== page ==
MachineCan the special employer be a defendant? Yes. It is a common situation for an employee who becomes injured to have been sent by a temporary staffing agency to do work at another company. The special employer is often the entity who is responsible for the injuries. Traditional thinking is that there is no third-party case because the special employer is the equivalent of an employer under the Labor Code. This is the general rule. However, tactics and techniques have been developed to highlight the risk of financial exposure to the special employer and its third-party insurance carrier creating settlement potential.

Injuries For example, Jose Salgado worked for Tri-State Staffing and was sent to Plascor, Inc., a manufacturer of plastic bottles to work as a laborer. He started out packing bottles and after a few weeks his job changed to a grinder where he would feed imperfect plastic bottles into a grinding machine. On the date of accident, he was working as a packer when he was told by a Tri-State supervisor to unjam a grinding machine. This task is something he had never done before. The Tri-State supervisor provided him with his own tools to open the grinder to access the hardened plastic around the rotor and blades. Jose was left on his own as to how to accomplish the task since he received no training. The means and methods were based on his own decision to not only tilt the hopper back exposing the top of the grinder, but also to take off the front metal plate and insert both hands into the grinder to remove the hardened plastic.  

The top of the hopper was open for 28 minutes before the accident as shown in Plascor's videotape. Suddenly, the rotor and blades began to spin causing the traumatic amputation of his left hand. There was an interlock switch that should have prevented the rotor from spinning.The Tri-State supervisor witnessed that the hopper was open and that the rotor was spinning. Plascor claimed that the interlock switch was functioning properly the next day. They also claimed that the plaintiff must have bypassed or overrode the interlock switch for the rotor to spin. Plascor replaced the interlock switch a week after the accident but failed to preserve it, claiming it was lost or misplaced.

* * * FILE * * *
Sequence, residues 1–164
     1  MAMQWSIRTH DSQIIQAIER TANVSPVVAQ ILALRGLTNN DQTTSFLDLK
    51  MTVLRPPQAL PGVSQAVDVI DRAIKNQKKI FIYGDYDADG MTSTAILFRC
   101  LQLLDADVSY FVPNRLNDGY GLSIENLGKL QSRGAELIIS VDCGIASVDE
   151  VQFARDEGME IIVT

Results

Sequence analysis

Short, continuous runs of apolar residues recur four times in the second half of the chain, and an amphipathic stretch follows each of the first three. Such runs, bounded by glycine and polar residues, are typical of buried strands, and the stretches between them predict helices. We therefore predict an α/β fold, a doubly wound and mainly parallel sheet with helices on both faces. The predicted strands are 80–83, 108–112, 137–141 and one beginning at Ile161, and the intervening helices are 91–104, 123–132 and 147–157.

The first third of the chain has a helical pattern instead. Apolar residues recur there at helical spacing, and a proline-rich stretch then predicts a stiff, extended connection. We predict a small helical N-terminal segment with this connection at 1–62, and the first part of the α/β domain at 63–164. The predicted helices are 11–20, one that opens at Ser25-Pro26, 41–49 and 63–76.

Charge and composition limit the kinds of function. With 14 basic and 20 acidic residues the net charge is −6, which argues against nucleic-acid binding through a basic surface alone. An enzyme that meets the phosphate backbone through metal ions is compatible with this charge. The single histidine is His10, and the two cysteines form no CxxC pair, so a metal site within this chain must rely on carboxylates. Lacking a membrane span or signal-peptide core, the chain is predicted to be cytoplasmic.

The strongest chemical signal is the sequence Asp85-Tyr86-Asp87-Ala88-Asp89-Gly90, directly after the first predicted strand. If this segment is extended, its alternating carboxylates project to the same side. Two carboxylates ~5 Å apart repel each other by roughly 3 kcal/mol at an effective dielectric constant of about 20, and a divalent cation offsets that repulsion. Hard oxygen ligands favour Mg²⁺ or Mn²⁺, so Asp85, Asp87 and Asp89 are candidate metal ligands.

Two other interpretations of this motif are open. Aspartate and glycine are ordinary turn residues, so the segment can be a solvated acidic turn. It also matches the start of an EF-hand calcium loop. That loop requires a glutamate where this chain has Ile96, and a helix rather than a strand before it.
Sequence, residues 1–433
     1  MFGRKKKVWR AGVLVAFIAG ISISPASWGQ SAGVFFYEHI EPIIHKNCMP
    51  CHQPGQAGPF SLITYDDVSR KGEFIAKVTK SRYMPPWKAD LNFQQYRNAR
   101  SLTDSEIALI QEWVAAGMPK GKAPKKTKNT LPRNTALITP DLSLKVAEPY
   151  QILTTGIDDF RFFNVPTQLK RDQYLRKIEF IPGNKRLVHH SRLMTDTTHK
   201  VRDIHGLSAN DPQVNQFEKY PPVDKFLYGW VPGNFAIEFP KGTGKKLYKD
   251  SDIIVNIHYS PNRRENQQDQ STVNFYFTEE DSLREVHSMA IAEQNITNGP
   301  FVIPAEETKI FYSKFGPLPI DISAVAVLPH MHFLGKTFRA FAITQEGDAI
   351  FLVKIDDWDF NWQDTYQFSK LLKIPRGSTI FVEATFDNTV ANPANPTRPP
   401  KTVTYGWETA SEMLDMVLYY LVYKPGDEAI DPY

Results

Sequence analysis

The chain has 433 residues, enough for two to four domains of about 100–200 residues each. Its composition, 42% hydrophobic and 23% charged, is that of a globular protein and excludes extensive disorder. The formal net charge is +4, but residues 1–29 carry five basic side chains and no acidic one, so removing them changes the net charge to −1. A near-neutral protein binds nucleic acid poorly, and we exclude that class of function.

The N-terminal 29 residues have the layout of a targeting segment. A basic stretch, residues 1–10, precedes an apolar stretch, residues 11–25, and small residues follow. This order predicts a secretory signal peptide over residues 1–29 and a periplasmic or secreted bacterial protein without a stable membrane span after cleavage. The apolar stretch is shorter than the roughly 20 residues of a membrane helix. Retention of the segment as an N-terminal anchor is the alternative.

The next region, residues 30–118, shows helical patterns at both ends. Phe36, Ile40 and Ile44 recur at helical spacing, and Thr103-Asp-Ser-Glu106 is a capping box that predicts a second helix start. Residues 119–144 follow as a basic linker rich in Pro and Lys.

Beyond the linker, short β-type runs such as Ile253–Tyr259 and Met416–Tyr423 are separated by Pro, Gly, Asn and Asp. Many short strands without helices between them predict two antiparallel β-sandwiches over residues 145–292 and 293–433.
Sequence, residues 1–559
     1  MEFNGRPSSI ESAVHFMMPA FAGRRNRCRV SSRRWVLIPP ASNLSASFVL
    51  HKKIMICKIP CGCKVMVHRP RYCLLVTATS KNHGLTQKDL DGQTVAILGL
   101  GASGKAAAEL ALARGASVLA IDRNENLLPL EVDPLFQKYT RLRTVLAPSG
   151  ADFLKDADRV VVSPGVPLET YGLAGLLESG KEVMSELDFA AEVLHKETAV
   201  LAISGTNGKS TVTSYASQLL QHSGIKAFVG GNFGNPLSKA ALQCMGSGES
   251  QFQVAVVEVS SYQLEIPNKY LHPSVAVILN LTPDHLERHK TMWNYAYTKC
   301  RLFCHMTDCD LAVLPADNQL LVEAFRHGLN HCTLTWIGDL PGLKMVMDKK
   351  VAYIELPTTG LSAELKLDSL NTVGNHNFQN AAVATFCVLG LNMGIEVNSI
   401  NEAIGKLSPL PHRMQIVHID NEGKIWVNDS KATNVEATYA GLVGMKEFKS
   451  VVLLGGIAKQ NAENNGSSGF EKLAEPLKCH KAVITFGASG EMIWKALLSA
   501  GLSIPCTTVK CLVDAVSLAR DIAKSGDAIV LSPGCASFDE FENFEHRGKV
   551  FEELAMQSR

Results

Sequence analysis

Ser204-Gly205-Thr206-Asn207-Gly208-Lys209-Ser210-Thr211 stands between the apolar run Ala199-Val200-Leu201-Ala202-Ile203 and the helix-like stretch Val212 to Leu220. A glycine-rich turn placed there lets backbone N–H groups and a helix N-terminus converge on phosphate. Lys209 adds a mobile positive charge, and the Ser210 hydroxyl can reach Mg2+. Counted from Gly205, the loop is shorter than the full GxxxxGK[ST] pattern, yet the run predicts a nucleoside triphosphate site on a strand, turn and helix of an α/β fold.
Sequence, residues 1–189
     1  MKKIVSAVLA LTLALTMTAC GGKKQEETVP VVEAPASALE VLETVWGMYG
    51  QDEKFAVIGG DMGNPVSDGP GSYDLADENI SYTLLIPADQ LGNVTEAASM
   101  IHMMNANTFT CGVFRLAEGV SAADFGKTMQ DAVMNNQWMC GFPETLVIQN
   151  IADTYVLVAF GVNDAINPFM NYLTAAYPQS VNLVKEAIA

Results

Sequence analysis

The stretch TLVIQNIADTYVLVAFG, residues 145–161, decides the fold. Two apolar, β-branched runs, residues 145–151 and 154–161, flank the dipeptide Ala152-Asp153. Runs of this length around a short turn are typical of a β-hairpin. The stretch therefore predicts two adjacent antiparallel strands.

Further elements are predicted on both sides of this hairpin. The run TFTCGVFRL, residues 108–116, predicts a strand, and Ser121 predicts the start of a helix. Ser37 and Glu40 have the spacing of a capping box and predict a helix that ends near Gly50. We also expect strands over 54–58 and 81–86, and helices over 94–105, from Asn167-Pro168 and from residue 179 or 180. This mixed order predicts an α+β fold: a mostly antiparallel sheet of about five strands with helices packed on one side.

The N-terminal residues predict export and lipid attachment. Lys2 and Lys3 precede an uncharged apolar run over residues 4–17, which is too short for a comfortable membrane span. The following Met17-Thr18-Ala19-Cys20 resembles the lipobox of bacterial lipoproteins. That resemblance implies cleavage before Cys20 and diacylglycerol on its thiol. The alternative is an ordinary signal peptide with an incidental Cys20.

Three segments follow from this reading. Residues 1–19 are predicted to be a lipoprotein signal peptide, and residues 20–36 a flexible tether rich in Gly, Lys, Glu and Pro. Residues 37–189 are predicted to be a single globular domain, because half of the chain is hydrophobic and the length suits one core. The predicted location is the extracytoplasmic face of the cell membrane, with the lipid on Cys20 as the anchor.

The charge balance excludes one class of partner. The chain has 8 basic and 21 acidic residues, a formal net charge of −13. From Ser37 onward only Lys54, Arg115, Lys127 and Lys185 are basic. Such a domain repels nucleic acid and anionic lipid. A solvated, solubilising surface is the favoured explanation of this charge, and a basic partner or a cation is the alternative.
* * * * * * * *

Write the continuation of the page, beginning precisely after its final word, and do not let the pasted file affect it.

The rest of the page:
At the time of the accident, plaintiff was an employee of Tri-State Staffing. He was also a special employee of Plascor. The issue was whether plaintiff was a special employee of Plascor at the time of the accident. Plaintiff alleged that Plascor did not exercise control or direction over his specific activities of unjamming the rotor which is a maintenance function.

The key legal case applicable to these facts is Thomas v. Edgington Oil (1977) 73 Cal.App.3d 61, p. 64 which holds: "We agree that, where the alleged special employer is not, at the time of the injury or in connection with the specific task to be performed, exercising control over the details of the work, no special employment exists even though, at some other time and in connection with some other task, such detail control may have been exercised." The determinative time as to whether the worker is a special employee is at the time of the accident. Mason v. Lake Delores Group, LLC. (2004) 117 Cal.App.4th 822, 832. "However, whether the right to control existed or was exercised is generally a question of fact to be resolved from the reasonable inferences to be drawn from the circumstances shown." Kowalski v. Shell Oil Co. (1979) 33 Cal.3d 168, 174-175.

Ten depositions were taken regarding all of the facts and details surrounding the time of the accident as to whether or not Plascor exercised control or direction over plaintiff unjamming the rotor. A question of fact was presented which created the financial risk to the special employer and its third-party insurance carrier.

Although Plascor claimed the interlock switch was working the next day, they did not make a video to prove that. Instead, they ordered and installed a new interlock switch for the grinder. Evidence of subsequent remedial conduct is admissible to impeach a defendant who claims that there was nothing wrong with the safety device on a machine at the time of the accident. Pierce v. JC Penny Company (1959) 147 Cal.App.2d 3; Ault v. International Harvester (1974) 13 Cal.3d 113 at p. 118. Plascor claimed that it lost or misplaced the interlock switch on the machine at the time of the accident. CACI 204 tells the jury to construe this fact of deliberate evidence destruction adversely to the defendant special employer.

This seemingly impossible case was settled for a confidential amount against the special employer and its third-party insurance carriers.

If you or your office has a substantial injury case that appears to be caused by the special employer, call us and let us take a look at the case to see if it has potential as a third-party case against the special employer and others. We understand the law of special employment and the intensity it takes to produce a favorable settlement.

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